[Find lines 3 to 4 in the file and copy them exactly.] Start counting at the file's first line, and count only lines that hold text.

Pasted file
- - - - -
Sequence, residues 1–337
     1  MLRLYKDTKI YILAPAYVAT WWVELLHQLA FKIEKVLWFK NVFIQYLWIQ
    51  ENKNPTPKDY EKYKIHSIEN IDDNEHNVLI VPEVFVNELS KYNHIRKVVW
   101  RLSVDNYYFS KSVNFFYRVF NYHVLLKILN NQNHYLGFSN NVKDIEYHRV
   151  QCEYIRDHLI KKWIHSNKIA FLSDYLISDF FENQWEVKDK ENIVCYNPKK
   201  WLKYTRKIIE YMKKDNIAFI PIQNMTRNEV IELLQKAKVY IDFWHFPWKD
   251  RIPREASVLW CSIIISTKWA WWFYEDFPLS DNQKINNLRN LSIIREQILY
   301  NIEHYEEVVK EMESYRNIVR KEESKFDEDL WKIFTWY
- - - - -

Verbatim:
    51  ENKNPTPKDY EKYKIHSIEN IDDNEHNVLI VPEVFVNELS KYNHIRKVVW
   101  RLSVDNYYFS KSVNFFYRVF NYHVLLKILN NQNHYLGFSN NVKDIEYHRV